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The Appeal (3)

Edith Nesbit

All summer-time you said:
"Love has no need of shelter nor of kindness,
For all the flowers take pity on his blindness,
And lead him to his scented rose-soft bed."

"He is a king," you said.
"That I bow not the knee will never grieve him,
For all the summer-palaces receive him."
But now Love has not where to lay his head.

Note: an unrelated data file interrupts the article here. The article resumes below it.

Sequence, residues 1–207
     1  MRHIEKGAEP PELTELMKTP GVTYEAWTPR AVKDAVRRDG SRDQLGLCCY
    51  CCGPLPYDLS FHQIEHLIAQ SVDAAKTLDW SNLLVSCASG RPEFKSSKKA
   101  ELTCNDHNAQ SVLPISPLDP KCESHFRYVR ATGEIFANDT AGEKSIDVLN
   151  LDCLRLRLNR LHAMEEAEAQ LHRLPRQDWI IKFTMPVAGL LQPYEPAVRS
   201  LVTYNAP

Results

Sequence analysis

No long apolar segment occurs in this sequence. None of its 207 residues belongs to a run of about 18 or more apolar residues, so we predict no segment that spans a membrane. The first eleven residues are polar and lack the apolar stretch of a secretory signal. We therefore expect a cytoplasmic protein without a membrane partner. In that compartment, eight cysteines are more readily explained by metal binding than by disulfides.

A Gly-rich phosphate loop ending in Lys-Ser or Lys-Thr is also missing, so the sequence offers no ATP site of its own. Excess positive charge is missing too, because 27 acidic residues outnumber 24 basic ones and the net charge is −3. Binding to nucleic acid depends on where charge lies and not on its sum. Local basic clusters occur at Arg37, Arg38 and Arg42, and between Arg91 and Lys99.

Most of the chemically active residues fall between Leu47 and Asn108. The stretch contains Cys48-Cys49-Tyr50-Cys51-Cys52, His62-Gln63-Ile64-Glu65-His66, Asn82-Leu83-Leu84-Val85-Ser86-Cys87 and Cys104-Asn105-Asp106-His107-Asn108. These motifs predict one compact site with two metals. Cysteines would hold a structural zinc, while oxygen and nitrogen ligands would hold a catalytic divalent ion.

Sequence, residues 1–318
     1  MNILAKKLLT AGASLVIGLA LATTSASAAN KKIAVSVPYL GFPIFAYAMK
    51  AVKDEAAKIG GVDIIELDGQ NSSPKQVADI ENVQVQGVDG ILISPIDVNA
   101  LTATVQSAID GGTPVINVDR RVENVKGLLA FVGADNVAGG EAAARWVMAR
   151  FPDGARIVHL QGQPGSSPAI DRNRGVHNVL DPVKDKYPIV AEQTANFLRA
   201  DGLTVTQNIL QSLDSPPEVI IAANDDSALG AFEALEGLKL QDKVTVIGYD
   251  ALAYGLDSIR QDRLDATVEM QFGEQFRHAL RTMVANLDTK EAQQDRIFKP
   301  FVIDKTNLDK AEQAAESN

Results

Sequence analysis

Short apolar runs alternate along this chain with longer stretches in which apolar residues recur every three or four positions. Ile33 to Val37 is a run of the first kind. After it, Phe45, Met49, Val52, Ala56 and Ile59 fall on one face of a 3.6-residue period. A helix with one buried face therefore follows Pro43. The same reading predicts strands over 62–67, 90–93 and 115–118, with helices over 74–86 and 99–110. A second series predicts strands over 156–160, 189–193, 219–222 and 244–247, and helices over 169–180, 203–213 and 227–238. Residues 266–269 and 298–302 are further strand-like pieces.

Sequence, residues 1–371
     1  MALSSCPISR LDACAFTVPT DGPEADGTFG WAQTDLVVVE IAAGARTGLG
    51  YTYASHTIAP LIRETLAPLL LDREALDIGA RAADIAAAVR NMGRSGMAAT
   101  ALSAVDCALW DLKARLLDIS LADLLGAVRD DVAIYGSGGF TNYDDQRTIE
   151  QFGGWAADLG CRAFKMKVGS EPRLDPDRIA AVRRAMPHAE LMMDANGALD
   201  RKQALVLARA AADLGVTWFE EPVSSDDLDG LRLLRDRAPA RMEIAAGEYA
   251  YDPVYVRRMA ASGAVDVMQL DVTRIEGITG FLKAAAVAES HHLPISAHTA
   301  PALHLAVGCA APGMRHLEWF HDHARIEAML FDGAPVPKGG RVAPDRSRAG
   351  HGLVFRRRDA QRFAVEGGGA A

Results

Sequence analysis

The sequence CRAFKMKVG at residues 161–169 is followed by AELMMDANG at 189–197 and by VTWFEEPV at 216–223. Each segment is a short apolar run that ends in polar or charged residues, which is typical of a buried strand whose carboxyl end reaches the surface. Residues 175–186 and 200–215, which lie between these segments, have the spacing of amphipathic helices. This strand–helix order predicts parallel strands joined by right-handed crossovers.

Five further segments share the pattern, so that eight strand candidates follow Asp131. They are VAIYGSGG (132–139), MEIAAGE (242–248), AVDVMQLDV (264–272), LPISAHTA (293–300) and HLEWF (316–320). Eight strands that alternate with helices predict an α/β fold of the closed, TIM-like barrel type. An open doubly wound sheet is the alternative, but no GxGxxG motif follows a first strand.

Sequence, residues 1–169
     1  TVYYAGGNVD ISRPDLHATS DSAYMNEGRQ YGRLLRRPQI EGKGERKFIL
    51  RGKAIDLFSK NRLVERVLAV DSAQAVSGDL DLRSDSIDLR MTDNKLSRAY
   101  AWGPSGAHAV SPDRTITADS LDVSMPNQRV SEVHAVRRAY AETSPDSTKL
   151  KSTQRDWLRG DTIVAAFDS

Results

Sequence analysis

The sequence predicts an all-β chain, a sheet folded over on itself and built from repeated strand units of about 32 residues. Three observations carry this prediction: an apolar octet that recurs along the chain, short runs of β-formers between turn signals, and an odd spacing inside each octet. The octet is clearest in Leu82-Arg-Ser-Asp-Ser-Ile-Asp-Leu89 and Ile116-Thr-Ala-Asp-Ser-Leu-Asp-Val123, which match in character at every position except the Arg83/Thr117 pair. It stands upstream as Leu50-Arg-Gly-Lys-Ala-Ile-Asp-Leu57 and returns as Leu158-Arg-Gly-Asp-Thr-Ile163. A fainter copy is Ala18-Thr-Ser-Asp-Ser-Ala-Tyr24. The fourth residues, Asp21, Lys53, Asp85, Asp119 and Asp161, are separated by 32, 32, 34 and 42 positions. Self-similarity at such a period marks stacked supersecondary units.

"He is a god," you said.
"His altars are wherever roses blossom."
And summer made his altar of her bosom,
But now the altar is ungarlanded.

Take back the words you said:
Out in the rain he shivers broken-hearted;
Summer who bore him has with tears departed,
And o'er her grave he weeps uncomforted.

And you, for all you said,
Would weep too, if when dawn stills the wind's riot,
You found him on your threshold, pale and quiet,
Clasped him at last, and found the child was dead.

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